New in Paperback for Spring 2022

The following titles are all newly available in paperback from your favorite bookseller. And, if purchasing direct from UNC Press, take 40% off during our 100th Anniversary Sale using promo code 01DAH40 at checkout, and ground shipping is free on U.S. orders that are $75+ (also good on any print book, as well as preorders;… Continue Reading New in Paperback for Spring 2022

Reciprocity Runs in Riddims

The following is a guest blog post by Larisa Kingston Mann, author of Rude Citizenship: Jamaican Popular Music, Copyright, and the Reverberations of Colonial Power. In this deep dive into the Jamaican music world filled with the voices of creators, producers, and consumers, Larisa Kingston Mann—DJ, media law expert, and ethnographer—identifies how a culture of… Continue Reading Reciprocity Runs in Riddims

Hot Off The Press: March 2022

We’re publishing some great books this month! Read below to learn more about these exceptional titles. Don’t forget to enter code 01DAH40 at checkout for some savings! You can save 40% on ALL UNC Press print books and if your order totals $75 or more, the shipping is FREE! CITIZENS AND RULERS OF THE WORLD:… Continue Reading Hot Off The Press: March 2022

Black History Month 2022 Reading List: Biographies

In celebration of Black History Month, we’ve chosen to publish a new reading list every week featuring only Black authors. The first reading list covered Black Resistance, the second covered the Black American experience and this week’s reading list centers biographies; telling the stories of a few vastly different lives lived under the Black identity… Continue Reading Black History Month 2022 Reading List: Biographies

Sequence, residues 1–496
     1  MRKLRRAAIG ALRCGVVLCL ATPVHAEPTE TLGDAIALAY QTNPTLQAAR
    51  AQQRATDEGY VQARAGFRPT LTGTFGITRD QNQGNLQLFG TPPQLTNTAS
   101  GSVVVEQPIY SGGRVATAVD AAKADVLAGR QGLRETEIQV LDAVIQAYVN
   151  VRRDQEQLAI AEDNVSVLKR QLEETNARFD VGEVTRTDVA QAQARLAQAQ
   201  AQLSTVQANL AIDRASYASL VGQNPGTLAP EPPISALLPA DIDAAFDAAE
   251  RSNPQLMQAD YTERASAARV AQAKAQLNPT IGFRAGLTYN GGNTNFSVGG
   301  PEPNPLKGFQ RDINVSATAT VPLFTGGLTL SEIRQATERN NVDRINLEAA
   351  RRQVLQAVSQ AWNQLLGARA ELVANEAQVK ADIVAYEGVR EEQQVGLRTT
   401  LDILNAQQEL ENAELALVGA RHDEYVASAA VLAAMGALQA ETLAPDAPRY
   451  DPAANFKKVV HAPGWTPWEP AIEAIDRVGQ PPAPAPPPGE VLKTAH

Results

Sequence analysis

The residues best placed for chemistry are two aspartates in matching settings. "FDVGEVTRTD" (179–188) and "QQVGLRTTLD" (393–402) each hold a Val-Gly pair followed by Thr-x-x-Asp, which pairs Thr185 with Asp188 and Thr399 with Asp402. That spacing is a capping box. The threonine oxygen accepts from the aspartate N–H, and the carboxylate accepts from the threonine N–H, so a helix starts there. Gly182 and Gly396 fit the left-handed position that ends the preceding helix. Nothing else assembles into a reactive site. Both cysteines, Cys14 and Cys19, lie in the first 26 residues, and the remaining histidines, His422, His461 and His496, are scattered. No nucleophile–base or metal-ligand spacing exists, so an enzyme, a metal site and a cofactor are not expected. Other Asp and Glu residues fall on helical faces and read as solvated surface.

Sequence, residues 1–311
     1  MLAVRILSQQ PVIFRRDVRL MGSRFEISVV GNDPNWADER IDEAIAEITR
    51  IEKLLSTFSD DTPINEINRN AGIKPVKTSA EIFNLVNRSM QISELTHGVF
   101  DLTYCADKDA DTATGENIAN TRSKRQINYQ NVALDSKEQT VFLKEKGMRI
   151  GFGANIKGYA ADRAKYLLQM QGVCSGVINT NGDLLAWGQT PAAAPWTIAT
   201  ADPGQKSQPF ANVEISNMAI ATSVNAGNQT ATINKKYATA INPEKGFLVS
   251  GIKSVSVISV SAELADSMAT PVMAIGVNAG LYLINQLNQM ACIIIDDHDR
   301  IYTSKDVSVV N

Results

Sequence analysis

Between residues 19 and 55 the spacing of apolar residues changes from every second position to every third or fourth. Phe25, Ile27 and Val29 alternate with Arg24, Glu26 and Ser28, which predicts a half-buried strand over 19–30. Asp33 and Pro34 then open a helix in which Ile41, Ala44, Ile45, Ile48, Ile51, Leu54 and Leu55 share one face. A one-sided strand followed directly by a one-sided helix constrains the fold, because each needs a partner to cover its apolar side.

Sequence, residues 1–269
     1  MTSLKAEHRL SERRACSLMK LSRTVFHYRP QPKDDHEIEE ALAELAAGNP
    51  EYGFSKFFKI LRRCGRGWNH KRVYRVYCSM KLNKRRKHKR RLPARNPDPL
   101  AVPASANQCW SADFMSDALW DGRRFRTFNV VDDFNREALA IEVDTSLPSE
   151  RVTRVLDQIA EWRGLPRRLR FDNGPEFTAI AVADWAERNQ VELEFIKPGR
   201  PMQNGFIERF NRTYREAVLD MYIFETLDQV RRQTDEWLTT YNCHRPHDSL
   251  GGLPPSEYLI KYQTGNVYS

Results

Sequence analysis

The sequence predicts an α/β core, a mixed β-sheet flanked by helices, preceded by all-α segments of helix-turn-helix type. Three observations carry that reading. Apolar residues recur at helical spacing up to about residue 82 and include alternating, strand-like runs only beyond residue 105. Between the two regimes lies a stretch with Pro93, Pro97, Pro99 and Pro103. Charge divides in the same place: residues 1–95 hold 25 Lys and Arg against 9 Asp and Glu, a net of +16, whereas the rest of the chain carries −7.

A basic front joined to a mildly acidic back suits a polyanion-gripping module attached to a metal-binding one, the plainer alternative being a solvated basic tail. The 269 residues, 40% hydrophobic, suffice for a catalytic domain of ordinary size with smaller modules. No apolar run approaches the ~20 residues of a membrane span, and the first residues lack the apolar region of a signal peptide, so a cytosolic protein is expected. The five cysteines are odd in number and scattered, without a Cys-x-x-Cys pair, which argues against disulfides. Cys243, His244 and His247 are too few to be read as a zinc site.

Black History Month 2022 Reading List: Black Resistance

As you may already now, February is Black History Month. The history of black people should be celebrated at all times, but in February, we shine an extra special light on it. Black History Month began as Negro History Week in February 1926, created by historian Carter G. Woodson. In 1976, the celebration was expanded… Continue Reading Black History Month 2022 Reading List: Black Resistance

Chronicling Stankonia: The Mountaintop Ain’t Flat